Defining relative clauses
We use defining relative clauses to specify which person, thing or place we are talking about.
Who, which, where
We use who for people.
- He met the police officer who saved his life.
We use which for things and animals.
- He put on the suit which he wore for special occasions.
We use where for places.
- This is the hotel where we spent our honeymoon.
We can use that instead of who or which. But we often use who for people and which/that for things.
- He’s the neighbour who/that helped us to move out.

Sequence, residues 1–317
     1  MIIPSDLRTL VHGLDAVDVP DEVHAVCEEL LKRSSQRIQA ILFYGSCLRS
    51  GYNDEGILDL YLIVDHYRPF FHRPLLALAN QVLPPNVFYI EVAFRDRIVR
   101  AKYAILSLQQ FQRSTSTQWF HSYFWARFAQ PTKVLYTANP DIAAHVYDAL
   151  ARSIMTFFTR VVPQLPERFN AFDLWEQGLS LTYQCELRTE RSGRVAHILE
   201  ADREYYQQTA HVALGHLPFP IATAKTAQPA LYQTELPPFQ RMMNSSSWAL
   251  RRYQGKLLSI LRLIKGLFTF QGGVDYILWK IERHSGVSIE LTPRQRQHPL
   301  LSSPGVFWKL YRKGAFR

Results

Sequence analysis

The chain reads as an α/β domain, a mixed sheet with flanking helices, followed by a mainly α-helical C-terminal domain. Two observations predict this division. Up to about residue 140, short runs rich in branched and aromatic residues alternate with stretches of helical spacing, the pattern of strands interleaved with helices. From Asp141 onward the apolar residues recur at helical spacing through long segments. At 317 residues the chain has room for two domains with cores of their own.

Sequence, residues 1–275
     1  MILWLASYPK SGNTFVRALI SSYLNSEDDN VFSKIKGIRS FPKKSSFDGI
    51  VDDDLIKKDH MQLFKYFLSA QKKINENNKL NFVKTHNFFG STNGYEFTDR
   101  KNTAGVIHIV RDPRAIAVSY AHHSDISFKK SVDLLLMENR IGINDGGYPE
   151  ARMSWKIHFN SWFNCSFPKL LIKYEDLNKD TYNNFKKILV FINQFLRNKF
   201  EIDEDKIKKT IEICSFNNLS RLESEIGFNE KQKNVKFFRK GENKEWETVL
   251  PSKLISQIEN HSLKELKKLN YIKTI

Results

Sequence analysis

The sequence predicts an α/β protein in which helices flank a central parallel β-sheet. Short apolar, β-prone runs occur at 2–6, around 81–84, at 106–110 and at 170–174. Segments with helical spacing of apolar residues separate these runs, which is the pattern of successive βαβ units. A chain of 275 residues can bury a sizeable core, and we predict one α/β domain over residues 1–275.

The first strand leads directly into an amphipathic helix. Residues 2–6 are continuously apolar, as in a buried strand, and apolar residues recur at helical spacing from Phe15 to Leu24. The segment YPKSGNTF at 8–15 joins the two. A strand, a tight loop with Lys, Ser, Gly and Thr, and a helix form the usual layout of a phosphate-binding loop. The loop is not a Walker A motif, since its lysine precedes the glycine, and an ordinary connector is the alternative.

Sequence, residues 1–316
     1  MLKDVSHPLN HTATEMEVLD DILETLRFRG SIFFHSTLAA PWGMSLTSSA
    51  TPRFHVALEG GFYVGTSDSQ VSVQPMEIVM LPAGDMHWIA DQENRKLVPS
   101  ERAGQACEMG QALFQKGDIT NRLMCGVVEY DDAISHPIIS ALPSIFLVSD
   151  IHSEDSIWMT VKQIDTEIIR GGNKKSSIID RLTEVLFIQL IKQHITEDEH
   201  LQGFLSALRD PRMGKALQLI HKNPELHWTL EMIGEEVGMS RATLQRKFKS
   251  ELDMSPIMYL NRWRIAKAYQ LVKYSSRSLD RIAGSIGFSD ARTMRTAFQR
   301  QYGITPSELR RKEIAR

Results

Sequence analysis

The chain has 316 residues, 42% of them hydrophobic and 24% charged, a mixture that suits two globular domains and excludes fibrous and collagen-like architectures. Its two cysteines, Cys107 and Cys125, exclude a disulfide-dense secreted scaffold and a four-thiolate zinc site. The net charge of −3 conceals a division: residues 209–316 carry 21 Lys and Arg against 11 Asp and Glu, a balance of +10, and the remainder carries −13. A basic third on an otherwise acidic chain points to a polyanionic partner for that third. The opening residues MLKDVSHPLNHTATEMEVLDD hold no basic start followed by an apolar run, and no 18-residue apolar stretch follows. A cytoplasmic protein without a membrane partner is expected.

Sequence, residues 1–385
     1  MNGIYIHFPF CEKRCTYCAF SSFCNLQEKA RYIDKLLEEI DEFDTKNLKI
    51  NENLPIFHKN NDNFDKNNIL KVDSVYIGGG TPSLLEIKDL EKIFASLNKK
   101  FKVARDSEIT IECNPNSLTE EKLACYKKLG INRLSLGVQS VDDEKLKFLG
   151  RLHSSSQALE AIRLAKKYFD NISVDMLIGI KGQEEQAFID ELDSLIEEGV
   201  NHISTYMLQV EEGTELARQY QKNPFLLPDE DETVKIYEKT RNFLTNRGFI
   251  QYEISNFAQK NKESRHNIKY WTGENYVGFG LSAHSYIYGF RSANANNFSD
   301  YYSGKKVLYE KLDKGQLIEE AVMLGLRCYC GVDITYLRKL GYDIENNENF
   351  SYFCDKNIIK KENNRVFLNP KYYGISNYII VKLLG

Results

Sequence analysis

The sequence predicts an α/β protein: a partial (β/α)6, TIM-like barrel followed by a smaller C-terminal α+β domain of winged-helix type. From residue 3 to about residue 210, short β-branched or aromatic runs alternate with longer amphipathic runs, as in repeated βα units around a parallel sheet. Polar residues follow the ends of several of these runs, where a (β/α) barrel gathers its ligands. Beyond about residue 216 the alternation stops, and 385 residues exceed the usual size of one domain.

- Change the cable which/that connects the computer to the printer.
Be careful with these common mistakes!
We cannot use *what or an expression like *that he/she etc. in this type of relative clauses.
- That’s the student that/who I told you about. (NOT
the student what I told you about)
- That’s the man that/who tried to steal my wallet. (NOT
the man that he tried to steal my wallet.)